c. 2005 Religion News Service
ORLANDO, Fla. _ The nation’s largest Lutheran church on Friday (Aug. 12) rejected a move to allow actively gay clergy and upheld a 1993 policy that frowns on blessing same-sex unions.
A proposal to allow clergy in “life-long, committed and faithful same-sex relationships” to serve in the Evangelical Lutheran Church in America was rejected 503-490 by voting delegates at the church’s national assembly.
But while the Lutherans largely voted to uphold the status quo, they also opened the door for pastors to provide “faithful pastoral care” to all parishioners as they see fit, which many interpreted to include gay couples.
Throughout several hours of firm but polite debate, the 1,015 voting delegates seemed to be searching for a policy that would apply across-the-board, while also carving space for local churches to exercise their ministry as they see fit.
And, by declining major change, the church reflected the unwillingness seen in most mainline Protestant churches to dramatically alter course on the divisive issue of homosexuality, even as they try to end several decades of deep division over the issue.
“The case (for major change) has not been made,” said Louis Hesse, a delegate from the church’s synod based in Spokane, Wash. “It has not been made from Scripture, it has not really been made from science, and it has not been made for the well-being of this community.”
The discussions were momentarily delayed while a group of about 100 protesters wearing rainbow-colored stoles marched into the hall and refused to leave. Delegates soon continued with their business.
The church’s policy remains:
_ Gay unions have no basis in Scripture and cannot be an “official action” of the church. Yet, at the same time, the church said it would trust local churches to “discern ways to provide faithful pastoral care” to all parishioners, which would include gay and lesbian Lutherans.
_ Gay clergy are required to be celibate, and those who are sexually active are not eligible to be hired by local churches. Delegates rejected a proposal from a sexuality task force that would have allowed non-celibate gay clergy who would have needed to seek approval from several layers of church leaders.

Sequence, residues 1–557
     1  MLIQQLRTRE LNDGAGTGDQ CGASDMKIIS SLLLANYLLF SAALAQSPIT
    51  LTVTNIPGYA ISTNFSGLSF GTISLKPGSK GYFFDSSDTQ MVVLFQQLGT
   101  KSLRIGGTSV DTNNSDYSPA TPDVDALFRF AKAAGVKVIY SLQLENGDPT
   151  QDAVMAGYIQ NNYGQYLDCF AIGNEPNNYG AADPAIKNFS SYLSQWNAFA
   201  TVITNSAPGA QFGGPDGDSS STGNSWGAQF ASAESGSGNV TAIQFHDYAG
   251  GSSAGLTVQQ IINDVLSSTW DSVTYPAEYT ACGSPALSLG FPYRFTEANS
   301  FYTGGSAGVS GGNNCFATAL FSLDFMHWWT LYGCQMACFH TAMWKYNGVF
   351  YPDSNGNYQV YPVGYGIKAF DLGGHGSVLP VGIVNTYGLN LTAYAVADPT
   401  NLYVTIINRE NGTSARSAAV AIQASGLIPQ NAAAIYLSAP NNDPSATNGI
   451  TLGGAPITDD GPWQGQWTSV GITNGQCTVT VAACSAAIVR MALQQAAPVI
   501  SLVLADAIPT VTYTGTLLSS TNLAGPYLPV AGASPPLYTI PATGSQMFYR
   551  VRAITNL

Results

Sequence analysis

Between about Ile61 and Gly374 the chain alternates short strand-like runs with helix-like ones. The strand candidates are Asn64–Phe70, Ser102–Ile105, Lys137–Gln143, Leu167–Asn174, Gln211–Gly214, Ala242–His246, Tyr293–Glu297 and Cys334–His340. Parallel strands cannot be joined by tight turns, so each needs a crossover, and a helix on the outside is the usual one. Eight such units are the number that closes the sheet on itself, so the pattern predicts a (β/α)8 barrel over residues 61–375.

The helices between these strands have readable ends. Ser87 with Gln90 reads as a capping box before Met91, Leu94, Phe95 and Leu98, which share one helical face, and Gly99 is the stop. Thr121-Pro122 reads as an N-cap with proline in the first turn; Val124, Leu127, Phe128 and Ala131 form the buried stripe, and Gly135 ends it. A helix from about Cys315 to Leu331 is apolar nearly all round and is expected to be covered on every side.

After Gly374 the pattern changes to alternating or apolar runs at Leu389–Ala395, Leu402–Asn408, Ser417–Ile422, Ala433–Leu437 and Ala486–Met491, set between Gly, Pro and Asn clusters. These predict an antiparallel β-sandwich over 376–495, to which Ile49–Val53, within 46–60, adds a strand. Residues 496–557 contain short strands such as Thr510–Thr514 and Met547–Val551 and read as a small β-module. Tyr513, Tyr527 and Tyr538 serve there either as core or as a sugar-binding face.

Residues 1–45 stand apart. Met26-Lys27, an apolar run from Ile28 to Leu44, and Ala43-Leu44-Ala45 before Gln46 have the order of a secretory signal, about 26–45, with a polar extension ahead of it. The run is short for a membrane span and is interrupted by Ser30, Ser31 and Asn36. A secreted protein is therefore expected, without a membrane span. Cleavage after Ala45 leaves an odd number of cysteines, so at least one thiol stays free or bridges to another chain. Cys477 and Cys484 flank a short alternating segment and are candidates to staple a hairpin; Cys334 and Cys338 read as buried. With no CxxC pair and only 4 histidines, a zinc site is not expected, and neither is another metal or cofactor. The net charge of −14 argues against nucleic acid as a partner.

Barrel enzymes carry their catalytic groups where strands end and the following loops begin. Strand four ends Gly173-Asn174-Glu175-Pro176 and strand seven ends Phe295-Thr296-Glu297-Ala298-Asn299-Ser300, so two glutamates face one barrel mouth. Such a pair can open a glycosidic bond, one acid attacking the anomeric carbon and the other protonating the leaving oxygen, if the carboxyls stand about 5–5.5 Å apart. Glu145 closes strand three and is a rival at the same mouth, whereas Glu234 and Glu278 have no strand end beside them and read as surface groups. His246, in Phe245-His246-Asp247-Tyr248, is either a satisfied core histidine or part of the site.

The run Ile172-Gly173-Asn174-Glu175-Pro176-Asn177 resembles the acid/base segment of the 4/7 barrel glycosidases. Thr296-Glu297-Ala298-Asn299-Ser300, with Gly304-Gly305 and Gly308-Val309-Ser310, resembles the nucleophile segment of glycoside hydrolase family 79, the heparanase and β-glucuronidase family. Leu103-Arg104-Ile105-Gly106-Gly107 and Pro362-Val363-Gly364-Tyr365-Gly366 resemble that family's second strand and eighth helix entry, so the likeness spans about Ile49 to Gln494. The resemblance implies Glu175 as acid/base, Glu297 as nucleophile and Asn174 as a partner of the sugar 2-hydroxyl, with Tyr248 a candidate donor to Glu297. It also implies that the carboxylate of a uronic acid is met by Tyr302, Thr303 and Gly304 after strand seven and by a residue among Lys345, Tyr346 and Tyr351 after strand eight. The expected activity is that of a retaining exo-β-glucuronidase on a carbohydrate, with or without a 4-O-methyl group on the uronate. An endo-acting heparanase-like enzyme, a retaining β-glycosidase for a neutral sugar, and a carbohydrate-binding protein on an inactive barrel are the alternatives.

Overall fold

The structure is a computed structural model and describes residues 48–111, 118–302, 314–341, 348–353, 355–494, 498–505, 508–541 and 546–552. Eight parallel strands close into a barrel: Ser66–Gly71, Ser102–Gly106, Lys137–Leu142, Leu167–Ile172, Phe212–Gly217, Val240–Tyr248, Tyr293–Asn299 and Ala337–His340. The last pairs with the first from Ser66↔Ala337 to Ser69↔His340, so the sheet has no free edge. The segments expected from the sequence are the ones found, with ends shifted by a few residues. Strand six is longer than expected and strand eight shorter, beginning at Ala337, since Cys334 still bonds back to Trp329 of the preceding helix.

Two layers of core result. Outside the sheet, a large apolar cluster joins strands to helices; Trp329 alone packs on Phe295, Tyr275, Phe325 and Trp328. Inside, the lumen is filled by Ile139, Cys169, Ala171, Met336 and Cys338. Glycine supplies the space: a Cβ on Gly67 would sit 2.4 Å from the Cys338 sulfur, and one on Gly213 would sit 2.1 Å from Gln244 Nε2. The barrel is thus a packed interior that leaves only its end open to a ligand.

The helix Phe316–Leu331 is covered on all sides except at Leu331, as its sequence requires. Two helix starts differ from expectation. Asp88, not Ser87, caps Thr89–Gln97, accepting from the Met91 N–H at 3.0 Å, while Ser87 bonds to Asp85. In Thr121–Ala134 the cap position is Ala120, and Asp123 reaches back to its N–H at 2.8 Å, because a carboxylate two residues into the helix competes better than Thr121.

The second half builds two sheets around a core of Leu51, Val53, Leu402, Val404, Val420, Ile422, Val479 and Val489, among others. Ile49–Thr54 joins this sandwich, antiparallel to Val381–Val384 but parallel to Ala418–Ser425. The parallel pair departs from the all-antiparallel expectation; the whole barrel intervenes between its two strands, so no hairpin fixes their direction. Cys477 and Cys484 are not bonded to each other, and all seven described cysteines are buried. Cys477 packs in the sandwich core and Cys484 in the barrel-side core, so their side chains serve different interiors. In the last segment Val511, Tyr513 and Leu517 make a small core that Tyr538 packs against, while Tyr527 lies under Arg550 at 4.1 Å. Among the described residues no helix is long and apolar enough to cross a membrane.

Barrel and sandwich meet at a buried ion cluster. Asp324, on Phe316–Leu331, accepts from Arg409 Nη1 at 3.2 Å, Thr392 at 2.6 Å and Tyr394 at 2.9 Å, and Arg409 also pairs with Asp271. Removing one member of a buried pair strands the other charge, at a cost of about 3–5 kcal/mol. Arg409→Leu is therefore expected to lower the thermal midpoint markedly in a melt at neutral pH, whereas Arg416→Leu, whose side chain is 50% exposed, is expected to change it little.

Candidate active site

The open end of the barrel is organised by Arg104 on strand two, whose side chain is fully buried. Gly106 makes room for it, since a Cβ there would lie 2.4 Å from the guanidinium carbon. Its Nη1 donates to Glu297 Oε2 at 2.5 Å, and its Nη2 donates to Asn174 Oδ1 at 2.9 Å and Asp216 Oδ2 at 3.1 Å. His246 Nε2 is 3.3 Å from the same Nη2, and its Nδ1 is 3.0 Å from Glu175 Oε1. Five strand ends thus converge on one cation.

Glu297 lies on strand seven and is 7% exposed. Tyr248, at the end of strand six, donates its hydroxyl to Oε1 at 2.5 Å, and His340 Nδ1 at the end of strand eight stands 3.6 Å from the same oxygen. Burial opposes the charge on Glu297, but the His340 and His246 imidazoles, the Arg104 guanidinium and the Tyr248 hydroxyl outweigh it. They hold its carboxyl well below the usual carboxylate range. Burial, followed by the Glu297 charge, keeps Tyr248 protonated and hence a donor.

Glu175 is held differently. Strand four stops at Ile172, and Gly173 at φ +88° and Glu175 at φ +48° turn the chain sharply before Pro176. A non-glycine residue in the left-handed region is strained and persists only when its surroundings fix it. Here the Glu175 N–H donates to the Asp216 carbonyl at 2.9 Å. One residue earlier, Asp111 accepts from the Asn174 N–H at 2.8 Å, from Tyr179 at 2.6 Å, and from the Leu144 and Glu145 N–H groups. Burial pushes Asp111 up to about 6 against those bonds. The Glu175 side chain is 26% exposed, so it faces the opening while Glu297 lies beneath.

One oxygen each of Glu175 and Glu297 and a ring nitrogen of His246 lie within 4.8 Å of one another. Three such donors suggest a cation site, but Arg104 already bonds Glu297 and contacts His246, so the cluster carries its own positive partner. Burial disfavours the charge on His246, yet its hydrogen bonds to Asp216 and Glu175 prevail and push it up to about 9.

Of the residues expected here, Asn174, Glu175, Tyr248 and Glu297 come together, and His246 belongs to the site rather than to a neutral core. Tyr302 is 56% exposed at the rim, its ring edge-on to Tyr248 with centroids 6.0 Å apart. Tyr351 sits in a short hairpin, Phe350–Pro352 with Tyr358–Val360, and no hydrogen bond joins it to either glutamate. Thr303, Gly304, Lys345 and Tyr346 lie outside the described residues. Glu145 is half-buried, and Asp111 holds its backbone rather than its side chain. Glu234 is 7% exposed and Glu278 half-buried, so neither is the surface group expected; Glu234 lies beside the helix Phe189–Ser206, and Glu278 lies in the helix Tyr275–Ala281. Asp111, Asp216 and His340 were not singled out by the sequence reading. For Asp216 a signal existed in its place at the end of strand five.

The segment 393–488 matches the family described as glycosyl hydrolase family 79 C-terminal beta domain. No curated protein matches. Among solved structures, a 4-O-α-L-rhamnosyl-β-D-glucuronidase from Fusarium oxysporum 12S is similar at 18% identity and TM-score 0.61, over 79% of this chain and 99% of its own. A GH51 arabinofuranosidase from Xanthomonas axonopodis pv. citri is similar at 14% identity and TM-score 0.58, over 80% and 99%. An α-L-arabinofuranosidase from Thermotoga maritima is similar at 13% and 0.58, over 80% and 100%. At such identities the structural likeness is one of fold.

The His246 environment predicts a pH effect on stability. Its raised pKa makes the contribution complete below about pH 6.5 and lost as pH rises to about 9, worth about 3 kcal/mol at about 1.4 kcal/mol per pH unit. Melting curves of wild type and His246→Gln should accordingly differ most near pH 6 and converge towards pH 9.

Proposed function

Delegates also approved a less controversial measure urging the 4.9 million-member church to find “ways to live together faithfully in the midst of disagreements.” That measure passed 851-127.
Advocates for gay clergy said opening pulpits to actively gay clergy would help the church tackle a growing shortage of pastors.
“We have people crying out for pastoral care,” said the Rev. G. Scott Cady of the New England Synod. “The Holy Spirit has said, `All right, here they are.’ Are we now going to say, `Thanks, Holy Spirit, but we prefer something else?”’
But the church’s conservative majority, especially strong in the Lutheran heartland of the upper Midwest, said the church cannot condone behavior that they believe is condemned in the Bible.
“Christians have always welcomed people regardless of their condition,” said delegate Elizabeth Toler of North Carolina, “but we don’t accept every kind of behavior.”
Throughout the debate, the delegates seemed to reject attempts to “micromanage” the policies of local churches, but also were uncomfortable granting the church’s official stamp of approval on same-sex relations.
“Once we decide that blessing same-sex unions is acceptable, we will step out on a slippery slope that will lead to only God knows where,” said Richard Cleary, a lay delegate from the Harrisburg, Pa.-based Lower Susquehanna Synod.
At the same time, delegates also rejected attempts to tighten the policy, such as a move to define marriage as between “a man and a woman,” or to expressly prohibit the blessing of gay unions.
(OPTIONAL TRIM FOLLOWS)
Though the church rejected attempts to liberalize gay policy, dissidents are likely to continue to challenge church law.
On Thursday night, gay groups held their own worship service at a nearby hotel, where the bishop of Detroit blessed gay clergy and the bishop of Chicago blessed gay relationships.
Many church officials conceded that the church’s quasi-official policy of allowing local churches to make these decisions _ often regardless of what the church hierarchy says _ will continue.
“I would prefer to have the definition of `pastoral care’ made by my pastors on the ground in Minneapolis, not by someone in Pennsylvania or in southwest Minnesota,” said Bishop Craig Johnson of Minneapolis.
MO/PH END ECKSTROM